Joining us today as a guest blogger is local Indianapolis history lover and expert Tiffany Benedict Berkson, who you might know (or should know) as Historic Indianapolis. Whether a life-long resident or one-time visitor, you may discover something new in something old every day in Historic Indianapolis. Check her out on HistoricIndianapolis.com seven days a week, showing connections to Indianapolis’ past.
Indianapolis is lucky to be home to a number of fabulous and expansive museums, stretching over thousands of square feet or multiple acres with overflowing shelves, walls and exhibit cases—any of which could take a full day to semi-ingest. But what about for those with no attention span or narrow time table?
“Boutique Museums,” as I refer to them, fit easily on one side or the other of lunch plans — or if you were rash, romantic or know how to choreograph a schedule so it works like a Eurorail time table—might even supplant lunch plans. A quick respite, an escape to another world, the spark of inspiration only found in something not experienced on a regular basis—this is what to expect in the alternate world of boutique museums. Four favorites worth at least one visit:
Benjamin Harrison Presidential Site- Like that saying “I want to know something about everything and everything about something,” this place is THE world authority on President Benjamin Harrison. Though Indiana is yet to produce a native-born United States President, 23rd President Harrison lived in Indianapolis for the majority of his life. And we all want a glimpse behind the scenes of what a president’s home is/was really like, don’t we?
Since we’ve only had 44, Indianapolis is lucky to have such a gem. This one gives you lots of nifty bits and pieces: the room where winning election results were wired in by telegraph (no bank of tv’s here); early work-out equipment (Harrison wasn’t accompanied for a post Big-Mac jog by an entourage—though he did once have to chase a pony from his back yard down Pennsylvania Street); the carefully crafted bookshelf designed by one of his law-practice clients thought to have been payment for counsel (those days are long gone). The exhibits are always interesting: the Women’s Suffrage exhibit in the carriage house is worth that last stop and through February 2012, “Presidential Huddle,” showcases the various presidents with ties to the sport having a wee get-together here in January. (This one is also is handicapped accessible)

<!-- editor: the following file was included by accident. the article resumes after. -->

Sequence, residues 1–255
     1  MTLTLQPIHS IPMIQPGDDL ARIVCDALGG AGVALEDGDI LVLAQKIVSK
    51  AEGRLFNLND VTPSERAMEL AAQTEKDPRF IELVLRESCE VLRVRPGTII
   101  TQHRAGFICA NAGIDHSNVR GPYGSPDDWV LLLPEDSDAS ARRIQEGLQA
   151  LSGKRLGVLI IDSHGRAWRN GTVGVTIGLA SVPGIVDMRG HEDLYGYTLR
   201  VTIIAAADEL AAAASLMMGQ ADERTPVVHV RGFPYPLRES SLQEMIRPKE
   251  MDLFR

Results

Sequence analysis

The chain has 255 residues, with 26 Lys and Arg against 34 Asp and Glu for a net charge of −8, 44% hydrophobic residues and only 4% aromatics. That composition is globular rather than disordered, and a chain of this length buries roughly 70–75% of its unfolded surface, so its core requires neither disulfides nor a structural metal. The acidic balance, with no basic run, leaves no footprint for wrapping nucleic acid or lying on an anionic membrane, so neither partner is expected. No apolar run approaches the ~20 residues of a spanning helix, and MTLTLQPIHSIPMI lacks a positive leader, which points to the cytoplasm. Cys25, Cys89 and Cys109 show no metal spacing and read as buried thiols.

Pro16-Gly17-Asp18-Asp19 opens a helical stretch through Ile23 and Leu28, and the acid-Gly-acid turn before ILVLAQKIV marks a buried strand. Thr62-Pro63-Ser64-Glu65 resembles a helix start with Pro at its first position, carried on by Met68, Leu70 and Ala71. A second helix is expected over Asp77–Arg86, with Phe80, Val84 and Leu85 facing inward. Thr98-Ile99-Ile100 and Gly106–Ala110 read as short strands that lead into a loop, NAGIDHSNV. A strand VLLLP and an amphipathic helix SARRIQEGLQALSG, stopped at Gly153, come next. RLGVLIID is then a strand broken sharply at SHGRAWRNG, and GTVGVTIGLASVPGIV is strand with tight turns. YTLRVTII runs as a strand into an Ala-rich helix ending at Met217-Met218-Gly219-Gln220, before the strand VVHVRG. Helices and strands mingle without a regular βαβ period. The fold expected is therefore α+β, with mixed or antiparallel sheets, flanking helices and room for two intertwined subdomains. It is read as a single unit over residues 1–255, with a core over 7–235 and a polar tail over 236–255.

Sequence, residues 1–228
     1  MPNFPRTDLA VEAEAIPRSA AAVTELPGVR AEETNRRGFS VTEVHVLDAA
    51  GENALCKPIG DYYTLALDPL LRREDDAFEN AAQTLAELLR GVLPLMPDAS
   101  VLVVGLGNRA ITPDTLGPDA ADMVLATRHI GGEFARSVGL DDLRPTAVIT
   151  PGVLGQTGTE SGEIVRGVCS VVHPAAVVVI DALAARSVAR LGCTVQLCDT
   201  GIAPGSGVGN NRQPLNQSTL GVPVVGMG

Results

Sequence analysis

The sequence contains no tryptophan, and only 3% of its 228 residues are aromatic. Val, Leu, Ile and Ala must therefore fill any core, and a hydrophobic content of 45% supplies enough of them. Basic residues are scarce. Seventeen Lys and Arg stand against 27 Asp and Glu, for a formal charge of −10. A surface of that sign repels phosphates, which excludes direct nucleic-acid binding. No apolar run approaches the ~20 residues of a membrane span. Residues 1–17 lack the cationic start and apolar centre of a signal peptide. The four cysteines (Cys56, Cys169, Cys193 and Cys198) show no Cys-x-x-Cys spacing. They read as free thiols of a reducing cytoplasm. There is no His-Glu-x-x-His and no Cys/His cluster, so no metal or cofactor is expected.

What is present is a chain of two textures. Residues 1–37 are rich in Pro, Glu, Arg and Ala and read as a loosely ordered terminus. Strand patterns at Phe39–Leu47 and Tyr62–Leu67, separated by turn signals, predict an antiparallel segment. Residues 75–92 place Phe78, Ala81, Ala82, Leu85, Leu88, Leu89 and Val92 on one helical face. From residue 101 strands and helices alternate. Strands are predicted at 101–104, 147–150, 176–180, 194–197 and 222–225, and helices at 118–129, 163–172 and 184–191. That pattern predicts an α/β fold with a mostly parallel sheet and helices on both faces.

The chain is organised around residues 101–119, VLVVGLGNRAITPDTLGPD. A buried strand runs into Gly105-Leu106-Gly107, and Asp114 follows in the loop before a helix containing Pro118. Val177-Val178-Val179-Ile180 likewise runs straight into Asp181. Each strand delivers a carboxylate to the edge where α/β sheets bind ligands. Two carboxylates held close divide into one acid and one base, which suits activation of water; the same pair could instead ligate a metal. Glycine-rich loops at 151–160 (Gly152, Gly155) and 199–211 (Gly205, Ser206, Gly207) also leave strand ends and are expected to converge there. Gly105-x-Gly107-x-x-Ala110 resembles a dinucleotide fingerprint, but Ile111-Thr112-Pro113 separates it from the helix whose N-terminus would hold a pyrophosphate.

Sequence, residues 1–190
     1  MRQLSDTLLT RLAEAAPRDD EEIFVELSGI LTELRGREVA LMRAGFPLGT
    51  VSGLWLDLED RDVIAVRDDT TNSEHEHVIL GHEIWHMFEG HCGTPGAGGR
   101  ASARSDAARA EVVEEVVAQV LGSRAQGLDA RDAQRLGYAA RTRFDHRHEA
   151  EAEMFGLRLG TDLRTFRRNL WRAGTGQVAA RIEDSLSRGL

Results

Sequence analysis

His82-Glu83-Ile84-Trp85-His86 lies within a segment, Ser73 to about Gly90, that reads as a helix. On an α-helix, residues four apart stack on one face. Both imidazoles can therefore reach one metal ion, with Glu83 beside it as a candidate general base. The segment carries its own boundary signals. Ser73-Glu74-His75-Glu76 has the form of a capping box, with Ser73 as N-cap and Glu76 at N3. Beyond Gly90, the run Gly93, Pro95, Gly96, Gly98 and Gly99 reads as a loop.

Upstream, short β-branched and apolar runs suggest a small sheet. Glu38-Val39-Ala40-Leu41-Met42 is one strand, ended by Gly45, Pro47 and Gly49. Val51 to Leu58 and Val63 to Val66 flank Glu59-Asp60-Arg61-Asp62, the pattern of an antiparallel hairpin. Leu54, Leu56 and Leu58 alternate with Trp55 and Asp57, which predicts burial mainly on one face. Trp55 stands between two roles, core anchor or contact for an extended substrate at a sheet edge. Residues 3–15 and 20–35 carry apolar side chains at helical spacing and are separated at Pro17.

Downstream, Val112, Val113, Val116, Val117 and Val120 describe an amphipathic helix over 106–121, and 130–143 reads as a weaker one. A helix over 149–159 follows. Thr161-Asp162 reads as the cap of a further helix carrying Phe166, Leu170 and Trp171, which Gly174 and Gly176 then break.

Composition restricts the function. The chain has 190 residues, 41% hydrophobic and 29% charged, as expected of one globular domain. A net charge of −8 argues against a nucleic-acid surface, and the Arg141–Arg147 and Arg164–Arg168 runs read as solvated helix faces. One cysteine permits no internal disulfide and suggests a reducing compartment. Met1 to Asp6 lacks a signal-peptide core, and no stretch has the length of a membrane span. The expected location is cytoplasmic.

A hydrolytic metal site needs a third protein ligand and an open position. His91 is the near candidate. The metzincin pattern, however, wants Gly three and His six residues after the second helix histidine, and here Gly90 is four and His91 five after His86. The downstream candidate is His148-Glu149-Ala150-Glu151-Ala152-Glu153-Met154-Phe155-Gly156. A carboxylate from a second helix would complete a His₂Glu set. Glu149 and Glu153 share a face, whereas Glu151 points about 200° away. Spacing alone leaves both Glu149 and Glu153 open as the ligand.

Morris-Butler House- Beautifully decorated, and an excellent example of an upper-middle class, Civil War era home, this museum is a particular favorite of lovers of the “Steam Punk” movement in the past few years. This museum allows you tangible entrée into a contextual knowledge of the world of our ancestors. Or for whom they may have toiled. Workshops and classes are also a specialty here, so come first to tour the house and return for an event—from the first ‘green’ movement (think cleaning and sanitizing with non-chemical household items) to the special “Tea” parties, the house hosts a number of events you won’t often find elsewhere in the city. It is the headquarters for the Hoosier Chapter of the Victorian Society in America and it is owned and operated by Indiana Landmarks, itself housed within the dazzling structure next door. You can’t miss it. Nor would you want to.
James Whitcomb Riley House- The first of our boutique museums in our first historic neighborhood, Lockerbie Square, that was home to the most beloved “Hoosier poet,” who told stories of Orphan Annie and Raggedy Man, among others. Think of a sort of J.K. Rowling of his day—on a much smaller scale—and would a person in 100 years be interested to see her personal effects or where she spent most of her time living? This museum is one of the best of its kind in the country because the house was so quickly purchased after the poet’s death. When the museum officially opened its doors five years later, the lady who had known him and been the home’s house keeper was the first to give tours here. It still looks like Riley might have just stepped out of the door, to return at any moment.
The Medical History Museum- This one is a little different than the others. It is not a former home, and it would require a bit more time than the others. There are so many interesting points from which you might skew your journey here, that it is almost overwhelming. The Victorian era, the medical field, western city suburb, nursing, medicinal plant garden, body parts, diseases, health care, death, insanity, neurology, architecture, design, photography, science—the list goes on—and I daresay there would be something here to interest everyone.
Indianapolis has many gems awaiting discovery and rewarding the local explorers. The historic neighborhoods of the three house museums are also worthy of walking or driving tours and really add to the ambiance and thrill of visiting these places. Each trip may yield another thrilling find.